To buy cryptocurrencies, should you wish to, you have to go on-line to one of the several brokers dealing in them. You must then tell them how much you want to invest and in which cryptocurrency. The dealer sites most often recommended (but I’ve never visited their sites, so what do I know?) are Etoro, Libertex and Crypto Rocket, but there are many more with reasonable star ratings. Top Brokers Trade website warns that even the virtual ‘wallets’ used by cryptocurrency holders can be vulnerable to electronic theft. Since the ‘miners’ clearly don’t do any real digging, nor lift a tool heavier than a pencil, what do they do? Top Traders explained it like this: “Cryptocurrency miners serve as record-keepers for cryptocurrency communities, as well as indirect arbiters of the value of the currencies.” With the use of vast amounts of computing power, often manifested in server farms that are privately owned by mining collectives that comprise of dozens of individuals, the miners use methods that are highly technical to verify the completeness, accuracy, and security of currencies’ block chains. “The scope of the operation isn’t much different to the search for new prime numbers, which also requires massive amounts of computing power,” the website points out. The new Mayor-elect of New York, Eric Adams, has nevertheless said he’ll take his first three months’ pay in bitcoin and turn his city into the “centre of the cryptocurrency industry”, where more server farms can be established.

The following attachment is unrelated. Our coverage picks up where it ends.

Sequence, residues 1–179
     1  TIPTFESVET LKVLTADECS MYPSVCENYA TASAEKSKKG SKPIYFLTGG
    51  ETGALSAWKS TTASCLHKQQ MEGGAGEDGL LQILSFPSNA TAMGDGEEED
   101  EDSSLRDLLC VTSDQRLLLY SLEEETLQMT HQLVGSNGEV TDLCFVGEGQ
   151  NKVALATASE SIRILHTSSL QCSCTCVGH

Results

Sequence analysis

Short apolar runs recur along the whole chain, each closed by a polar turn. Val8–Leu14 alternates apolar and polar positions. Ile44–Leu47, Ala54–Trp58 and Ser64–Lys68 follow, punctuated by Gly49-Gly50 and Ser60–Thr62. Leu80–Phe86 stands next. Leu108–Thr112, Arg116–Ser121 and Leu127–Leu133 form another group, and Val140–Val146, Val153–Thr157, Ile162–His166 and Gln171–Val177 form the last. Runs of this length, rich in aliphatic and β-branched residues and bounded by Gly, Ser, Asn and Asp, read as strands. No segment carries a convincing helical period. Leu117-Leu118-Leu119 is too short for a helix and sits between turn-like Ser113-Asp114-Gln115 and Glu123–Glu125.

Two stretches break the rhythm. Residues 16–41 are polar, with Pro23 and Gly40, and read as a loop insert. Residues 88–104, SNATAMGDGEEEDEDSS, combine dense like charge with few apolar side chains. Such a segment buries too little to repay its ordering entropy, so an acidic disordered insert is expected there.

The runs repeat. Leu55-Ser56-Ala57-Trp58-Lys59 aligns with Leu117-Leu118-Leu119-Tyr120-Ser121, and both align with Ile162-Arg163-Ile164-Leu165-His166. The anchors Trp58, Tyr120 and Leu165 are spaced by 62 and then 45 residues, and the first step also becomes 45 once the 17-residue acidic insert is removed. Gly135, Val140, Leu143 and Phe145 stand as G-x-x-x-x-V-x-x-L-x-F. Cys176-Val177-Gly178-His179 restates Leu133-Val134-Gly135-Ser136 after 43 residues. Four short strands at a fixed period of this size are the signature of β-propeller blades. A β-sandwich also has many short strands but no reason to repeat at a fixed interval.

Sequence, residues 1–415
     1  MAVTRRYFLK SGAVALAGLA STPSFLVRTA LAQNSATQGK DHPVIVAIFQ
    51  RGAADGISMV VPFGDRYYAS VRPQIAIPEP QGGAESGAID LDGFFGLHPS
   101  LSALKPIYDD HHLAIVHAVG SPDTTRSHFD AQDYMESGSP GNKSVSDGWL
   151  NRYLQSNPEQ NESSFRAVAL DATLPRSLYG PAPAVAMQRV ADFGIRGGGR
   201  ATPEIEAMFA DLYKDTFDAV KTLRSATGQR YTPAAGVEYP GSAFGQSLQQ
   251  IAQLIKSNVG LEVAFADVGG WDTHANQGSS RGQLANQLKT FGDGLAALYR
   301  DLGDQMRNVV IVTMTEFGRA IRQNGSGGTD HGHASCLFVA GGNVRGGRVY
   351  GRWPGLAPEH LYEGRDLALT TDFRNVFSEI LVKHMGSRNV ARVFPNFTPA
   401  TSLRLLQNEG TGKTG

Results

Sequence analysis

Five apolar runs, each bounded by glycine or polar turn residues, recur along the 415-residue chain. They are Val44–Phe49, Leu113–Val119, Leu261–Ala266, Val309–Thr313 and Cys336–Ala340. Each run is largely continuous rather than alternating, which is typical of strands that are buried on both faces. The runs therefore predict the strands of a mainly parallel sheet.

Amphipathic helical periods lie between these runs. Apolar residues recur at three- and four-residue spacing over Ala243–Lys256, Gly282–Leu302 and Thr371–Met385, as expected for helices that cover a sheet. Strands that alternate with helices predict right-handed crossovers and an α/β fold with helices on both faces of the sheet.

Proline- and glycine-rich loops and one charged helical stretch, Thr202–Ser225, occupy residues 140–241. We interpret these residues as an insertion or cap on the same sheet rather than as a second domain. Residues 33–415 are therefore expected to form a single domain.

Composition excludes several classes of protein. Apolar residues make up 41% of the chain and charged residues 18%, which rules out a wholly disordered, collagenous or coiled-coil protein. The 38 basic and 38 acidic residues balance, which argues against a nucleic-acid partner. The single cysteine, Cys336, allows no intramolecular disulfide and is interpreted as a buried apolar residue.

Mayor-elect of New York, Eric Adams © Wikipedia.jpg

It seems that the Mayor of Miami, Francis Suarez, may have influenced the decision with an email sent to Adams when his victory was announced. Suarez has said he will also take his next paycheque in bitcoin.

Bitcoin, the first and best-known cryptocurrency, is reported to use 121 Terrawatt-hours every year to verify and guarantee transactions. That’s more electricity than Argentina uses, while etherium consumes as much power as Qatar. Environmentalists are worried because the ‘mining’ operation becomes less and less efficient as the value of a cryptocurrency goes up, which means that the more it is used the more energy will have to be generated to power the computers running the transactions. According to a report by CNBC, bitcoin mining accounts for about 35.95 million tons of carbon dioxide emissions each year—about the same amount as New Zealand. Defenders of cryptocurrencies argue that much of the power they use comes from renewable sources, but quite a lot doesn’t. Environmentalists fear that cryptocurrencies will continually increase the demand for energy beyond the point where it is sustainable. The already fairly empty promises of the COP26 meeting in Glasgow will become emptier still.